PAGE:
Sam Bradford is thinking more about reconnecting with old friends than sticking it to the Philadelphia Eagles team that traded him eight days before the NFL season opened.
The quarterback returns to Philadelphia for the first time since his abrupt departure when he leads the unbeaten Minnesota Vikings to Lincoln Financial Field on Sunday.
"I really developed some close bonds with those guys," Bradford said. "When you spend so much time with the guys in the building and you put the time in to build those relationships on and off the field and then it just comes to an end without really having a chance to say goodbye or to go out on the field one last time to play with those guys, there's always a little part of you that you're a little down about that."
Bradford has thrived in Minnesota (5-0) after taking a crash course in yet another new offense " he's playing for his sixth offensive coordinator in seven seasons. Bradford leads the NFL with a 70.4 percent completion rate, and has taken 249 snaps without a turnover.
But he still has found time to keep a close eye on the Eagles and the guy who replaced him, rookie No. 2 overall pick Carson Wentz.
"I enjoy watching them play and I enjoy watching them have success," Bradford said. "I've tried to watch as much as possible. From what Carson has done ... it really doesn't surprise me."
Wentz started fast but the Eagles (3-2) have lost two in a row " both on the road " following an early bye. Though he has exceeded expectations so far, Wentz has also shown his inexperience.
The Seattle Seahawks go to division rival Arizona, where a victory will give them solid control of the NFC West. Their offense has been hit or miss with a revamped offensive line and trying to find a running game (where are you, Beast Mode?). But the defense has been primed, ranking first overall.
The Cardinals have lost all three home games against Seattle under Bruce Arians, outscored 105-34.
"It doesn't matter if it's on the road or at home, we've got to beat them," Arians says. "If we're going to win the division, we've got to beat them."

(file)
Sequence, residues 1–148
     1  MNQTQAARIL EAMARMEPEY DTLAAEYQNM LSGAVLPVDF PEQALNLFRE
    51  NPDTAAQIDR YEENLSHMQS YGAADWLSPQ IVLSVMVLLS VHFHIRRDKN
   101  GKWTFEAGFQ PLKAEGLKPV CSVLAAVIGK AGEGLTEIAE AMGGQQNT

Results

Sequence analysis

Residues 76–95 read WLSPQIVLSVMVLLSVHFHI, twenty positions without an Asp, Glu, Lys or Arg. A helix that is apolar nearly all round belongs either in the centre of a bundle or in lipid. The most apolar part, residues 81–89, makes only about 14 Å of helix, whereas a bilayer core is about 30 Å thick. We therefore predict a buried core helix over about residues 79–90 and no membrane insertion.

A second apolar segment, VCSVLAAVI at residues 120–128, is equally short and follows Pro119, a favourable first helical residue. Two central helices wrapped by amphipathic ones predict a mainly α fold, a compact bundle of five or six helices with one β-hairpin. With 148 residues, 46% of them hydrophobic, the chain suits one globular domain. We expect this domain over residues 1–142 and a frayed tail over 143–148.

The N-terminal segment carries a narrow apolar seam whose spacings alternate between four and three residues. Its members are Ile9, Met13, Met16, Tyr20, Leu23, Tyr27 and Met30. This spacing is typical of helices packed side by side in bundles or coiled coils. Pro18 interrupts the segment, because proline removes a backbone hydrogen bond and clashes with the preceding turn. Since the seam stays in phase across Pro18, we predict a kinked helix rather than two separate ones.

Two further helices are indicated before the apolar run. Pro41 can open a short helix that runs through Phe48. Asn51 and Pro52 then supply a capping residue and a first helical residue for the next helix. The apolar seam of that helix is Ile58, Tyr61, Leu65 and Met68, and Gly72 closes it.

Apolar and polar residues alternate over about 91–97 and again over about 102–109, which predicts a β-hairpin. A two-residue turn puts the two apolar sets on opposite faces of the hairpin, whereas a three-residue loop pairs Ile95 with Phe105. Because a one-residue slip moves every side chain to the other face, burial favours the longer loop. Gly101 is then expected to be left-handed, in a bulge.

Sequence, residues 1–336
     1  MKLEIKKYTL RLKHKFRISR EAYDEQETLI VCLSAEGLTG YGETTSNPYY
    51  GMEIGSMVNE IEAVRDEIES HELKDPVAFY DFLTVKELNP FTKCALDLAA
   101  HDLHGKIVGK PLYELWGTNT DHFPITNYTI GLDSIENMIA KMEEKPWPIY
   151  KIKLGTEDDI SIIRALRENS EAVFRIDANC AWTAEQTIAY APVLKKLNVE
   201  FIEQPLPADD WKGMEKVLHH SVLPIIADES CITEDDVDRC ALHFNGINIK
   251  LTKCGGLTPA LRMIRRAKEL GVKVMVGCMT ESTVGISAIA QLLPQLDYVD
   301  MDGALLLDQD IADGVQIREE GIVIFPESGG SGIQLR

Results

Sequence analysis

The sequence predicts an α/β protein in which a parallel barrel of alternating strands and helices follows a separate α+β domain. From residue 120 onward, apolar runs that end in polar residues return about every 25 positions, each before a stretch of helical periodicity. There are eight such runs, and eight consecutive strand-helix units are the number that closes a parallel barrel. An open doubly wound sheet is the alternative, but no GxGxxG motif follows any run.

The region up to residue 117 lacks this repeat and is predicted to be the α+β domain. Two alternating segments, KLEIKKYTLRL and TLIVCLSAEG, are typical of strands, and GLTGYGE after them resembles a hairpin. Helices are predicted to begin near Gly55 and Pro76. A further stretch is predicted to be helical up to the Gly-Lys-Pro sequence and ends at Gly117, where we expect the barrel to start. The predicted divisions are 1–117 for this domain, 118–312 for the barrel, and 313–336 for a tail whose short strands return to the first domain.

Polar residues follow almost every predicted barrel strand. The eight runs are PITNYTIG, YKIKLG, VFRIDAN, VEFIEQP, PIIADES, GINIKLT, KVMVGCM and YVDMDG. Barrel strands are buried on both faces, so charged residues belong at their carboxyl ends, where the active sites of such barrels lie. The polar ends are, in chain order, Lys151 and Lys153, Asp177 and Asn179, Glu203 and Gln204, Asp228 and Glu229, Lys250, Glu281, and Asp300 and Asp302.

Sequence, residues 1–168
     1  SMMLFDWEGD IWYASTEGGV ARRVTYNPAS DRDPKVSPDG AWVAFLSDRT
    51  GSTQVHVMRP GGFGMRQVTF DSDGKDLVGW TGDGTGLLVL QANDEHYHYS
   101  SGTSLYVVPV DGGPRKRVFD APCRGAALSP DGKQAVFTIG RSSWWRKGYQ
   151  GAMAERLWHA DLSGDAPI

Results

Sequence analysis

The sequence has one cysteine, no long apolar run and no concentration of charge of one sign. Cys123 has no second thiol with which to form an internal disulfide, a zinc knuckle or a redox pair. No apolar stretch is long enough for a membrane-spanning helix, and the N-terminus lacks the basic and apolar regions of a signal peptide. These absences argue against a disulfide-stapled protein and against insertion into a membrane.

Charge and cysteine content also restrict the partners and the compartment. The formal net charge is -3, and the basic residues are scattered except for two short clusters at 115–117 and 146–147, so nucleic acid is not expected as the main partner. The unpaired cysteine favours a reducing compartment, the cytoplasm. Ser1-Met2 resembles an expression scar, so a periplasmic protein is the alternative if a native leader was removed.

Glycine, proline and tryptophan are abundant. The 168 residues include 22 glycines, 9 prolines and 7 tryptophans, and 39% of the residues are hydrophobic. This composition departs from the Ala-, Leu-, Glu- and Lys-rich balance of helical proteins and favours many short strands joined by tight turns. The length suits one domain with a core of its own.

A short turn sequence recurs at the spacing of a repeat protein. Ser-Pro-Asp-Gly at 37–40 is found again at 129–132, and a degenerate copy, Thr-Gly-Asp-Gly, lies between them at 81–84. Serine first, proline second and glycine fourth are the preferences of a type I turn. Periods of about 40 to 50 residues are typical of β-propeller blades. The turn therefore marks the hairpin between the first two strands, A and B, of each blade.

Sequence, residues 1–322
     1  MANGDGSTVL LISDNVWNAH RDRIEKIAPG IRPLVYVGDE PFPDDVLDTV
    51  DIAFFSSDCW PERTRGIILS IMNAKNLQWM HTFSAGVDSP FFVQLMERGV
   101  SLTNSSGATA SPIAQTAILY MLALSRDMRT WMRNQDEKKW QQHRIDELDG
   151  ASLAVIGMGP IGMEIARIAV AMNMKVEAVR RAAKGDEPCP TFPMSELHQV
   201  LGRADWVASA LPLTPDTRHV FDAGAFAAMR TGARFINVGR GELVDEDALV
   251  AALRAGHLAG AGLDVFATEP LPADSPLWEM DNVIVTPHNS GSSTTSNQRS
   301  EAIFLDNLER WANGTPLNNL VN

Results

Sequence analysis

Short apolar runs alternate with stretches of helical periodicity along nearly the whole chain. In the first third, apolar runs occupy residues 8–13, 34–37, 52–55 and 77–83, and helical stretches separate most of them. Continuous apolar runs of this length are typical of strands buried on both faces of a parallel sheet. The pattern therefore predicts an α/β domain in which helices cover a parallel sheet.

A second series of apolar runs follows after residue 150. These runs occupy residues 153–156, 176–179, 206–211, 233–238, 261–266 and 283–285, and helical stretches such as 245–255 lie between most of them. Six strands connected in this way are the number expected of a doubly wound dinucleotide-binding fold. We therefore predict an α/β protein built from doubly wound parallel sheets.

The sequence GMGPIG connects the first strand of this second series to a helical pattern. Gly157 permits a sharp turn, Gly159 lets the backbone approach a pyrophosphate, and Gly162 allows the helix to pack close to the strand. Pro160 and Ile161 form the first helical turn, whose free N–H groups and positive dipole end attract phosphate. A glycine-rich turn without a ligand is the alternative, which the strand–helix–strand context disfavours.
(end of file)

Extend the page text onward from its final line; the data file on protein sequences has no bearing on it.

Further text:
New England's visit to Pittsburgh looked spicy until Steelers quarterback Ben Roethlisberger damaged his knee, and suddenly this takes on the look of another Patriots romp " particularly if the Steel Curtain that was ripped apart by Miami doesn't mend itself very quickly.
"Not to say we weren't focused last week, but losing the game the way we did, in the fashion that we did, kind of opened people's eyes and let them know that you can get beat on any given week, no matter the team you're playing," said Steelers running back Le'Veon Bell, who will really need to step up with Roethlisberger sidelined.
The backstory makes Houston's visit to Denver on Monday interesting. Brock Osweiler, expected to replace the retired Peyton Manning as Broncos quarterback, instead went to the Texans for $72 million. He returns to the Mile High City, where he shouldn't expect a kind reception from the fans.
Nor from the Broncos, who are in a nasty mood after dropping two straight games. They still have a defense that can be dominant, and the Texans have been among the most inconsistent teams in the league, despite their 4-2 win-loss record.
With J.J. Watt gone for the season, Houston is getting solid work from 2014 top overall pick and defensive end Jadeveon Clowney, who's tied for the NFL lead with eight tackles for loss.
The action began on Thursday when Aaron Rodgers threw for 326 yards and three touchdowns in Green Bay's 26-10 home victory over Chicago. Rodgers was 39 of 56, setting a franchise record for completions in a game. The Bears lost quarterback Brian Hoyer to a broken left arm in the second quarter. With Jay Cutler already out with a right thumb injury, Chicago turned to third-stringer Matt Barkley.
This story has been automatically published from the Associated Press wire which uses US spellings